Fish feeding variability over space and time in natural and regulated boreal rivers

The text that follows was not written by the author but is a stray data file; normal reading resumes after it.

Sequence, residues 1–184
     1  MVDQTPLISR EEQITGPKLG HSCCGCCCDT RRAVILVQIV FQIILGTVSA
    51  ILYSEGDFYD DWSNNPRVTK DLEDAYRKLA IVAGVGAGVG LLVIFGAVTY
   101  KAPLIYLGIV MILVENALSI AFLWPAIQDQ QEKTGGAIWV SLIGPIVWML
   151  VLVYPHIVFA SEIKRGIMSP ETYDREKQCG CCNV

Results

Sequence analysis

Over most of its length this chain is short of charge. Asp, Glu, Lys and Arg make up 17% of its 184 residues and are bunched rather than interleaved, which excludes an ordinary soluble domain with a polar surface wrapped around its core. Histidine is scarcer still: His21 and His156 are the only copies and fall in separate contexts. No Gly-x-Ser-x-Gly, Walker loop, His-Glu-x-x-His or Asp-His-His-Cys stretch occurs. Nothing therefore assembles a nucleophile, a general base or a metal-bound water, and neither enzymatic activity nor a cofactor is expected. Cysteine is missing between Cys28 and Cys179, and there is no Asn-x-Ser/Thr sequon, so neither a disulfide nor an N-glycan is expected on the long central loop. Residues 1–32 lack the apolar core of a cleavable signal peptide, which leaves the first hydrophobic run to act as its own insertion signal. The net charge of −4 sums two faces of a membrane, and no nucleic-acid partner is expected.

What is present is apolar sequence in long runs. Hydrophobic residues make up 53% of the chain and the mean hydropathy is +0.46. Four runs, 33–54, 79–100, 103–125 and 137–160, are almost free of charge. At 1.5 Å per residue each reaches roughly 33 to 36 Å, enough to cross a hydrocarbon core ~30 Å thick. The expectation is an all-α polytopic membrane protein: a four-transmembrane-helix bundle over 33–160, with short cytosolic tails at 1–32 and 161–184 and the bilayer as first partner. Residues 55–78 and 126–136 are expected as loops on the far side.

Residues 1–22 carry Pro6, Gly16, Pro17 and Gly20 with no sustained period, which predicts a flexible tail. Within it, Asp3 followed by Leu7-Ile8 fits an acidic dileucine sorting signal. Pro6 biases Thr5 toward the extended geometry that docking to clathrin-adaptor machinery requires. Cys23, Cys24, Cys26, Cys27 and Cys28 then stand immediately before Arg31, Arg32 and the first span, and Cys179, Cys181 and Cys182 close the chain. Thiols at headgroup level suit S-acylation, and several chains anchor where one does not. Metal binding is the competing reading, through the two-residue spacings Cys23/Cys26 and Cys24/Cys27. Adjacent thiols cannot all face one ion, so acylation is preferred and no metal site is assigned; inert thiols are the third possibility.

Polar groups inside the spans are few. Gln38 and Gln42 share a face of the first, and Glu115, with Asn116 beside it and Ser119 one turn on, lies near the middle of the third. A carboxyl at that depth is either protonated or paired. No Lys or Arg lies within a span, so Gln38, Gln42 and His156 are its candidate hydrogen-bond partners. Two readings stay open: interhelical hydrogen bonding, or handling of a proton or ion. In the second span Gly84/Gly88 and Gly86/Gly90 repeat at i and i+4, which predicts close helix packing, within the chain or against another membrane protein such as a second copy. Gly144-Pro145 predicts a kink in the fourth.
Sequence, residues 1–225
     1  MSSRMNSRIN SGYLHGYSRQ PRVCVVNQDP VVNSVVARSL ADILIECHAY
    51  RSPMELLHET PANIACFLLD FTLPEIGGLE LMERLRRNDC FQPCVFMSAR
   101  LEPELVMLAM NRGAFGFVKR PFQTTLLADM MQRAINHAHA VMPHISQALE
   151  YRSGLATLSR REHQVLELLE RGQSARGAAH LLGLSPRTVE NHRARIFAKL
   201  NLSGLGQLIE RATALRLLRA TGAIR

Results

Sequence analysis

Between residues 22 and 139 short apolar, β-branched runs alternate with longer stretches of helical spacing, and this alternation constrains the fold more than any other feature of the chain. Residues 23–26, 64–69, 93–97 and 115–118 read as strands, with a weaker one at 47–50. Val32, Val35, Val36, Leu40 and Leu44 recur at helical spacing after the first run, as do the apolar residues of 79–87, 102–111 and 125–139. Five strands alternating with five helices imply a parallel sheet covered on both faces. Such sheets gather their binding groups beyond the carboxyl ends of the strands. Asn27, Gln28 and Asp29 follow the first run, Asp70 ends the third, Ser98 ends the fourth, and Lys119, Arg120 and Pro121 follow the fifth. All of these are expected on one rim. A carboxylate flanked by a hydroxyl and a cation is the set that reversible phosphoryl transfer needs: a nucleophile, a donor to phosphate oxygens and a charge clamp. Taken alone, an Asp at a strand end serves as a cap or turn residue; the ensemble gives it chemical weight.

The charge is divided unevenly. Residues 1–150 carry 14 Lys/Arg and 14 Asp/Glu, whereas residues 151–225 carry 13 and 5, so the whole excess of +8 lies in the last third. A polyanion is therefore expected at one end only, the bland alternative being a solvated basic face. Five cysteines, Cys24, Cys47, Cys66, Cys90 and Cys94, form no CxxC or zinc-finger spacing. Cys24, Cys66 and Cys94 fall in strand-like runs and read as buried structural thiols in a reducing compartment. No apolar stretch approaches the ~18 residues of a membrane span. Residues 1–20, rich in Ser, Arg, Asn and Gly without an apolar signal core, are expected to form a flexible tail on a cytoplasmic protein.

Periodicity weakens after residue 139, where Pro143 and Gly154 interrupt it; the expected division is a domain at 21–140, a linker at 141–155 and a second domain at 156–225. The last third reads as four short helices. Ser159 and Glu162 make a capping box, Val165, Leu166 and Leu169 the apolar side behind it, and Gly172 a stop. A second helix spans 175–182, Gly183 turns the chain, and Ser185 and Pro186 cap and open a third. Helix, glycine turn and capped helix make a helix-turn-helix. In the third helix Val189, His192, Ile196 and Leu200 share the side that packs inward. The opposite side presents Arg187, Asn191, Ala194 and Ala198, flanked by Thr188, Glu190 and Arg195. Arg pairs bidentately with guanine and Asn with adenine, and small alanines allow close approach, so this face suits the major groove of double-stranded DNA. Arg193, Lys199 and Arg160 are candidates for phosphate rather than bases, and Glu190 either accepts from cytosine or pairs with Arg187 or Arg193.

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Within the boreal region of Canada, river ecosystems are affected by naturally low flows in the summer months and hydropower operations, which can greatly influence the structure and function of river food webs. Few long-term studies exist that assess spatial and temporal variation in fish feeding in natural and regulated boreal rivers. Such studies would provide improved understanding of the role that temporal and spatial scale plays in the interpretation of how environmental influences such as flow affect food aquatic webs. The overall objective of this thesis was to examine factors affecting fish feeding in natural and regulated rivers, at over short and long-term and also within multiple river reaches. In Chapter 2, fish feeding niche and stable isotope composition were compared over two reaches and ten years within the Batchawana River (a natural boreal river in northern Ontario), and in relation to flow metrics such as mean, minimum and maximum flow and temperature. Fish δ13C and δ15N were found to be temporally invariant in upstream and downstream river reaches. Feeding niche was temporally invariant only at the lower Batchawana River reach, with a significant increase in feeding niche observed through time for the upper river reach. There was only one significant correlation between the standard deviation of δ15N and the standard deviation of mean daily flow, but no other significant correlations between fish isotope composition (δ13C or δ15N) and select flow metrics. In Chapter 3, two rivers in south-central Newfoundland allowed for comparison of stomach contents, stable isotopes and feeding niche in normal and low flow years. During a low flow year, feeding niche decreased in the natural river and was not significantly different from that of the regulated river. The work within this thesis provides a better understanding of how fish feeding varies over space and time in natural and regulated rivers and in response to normal and low flows.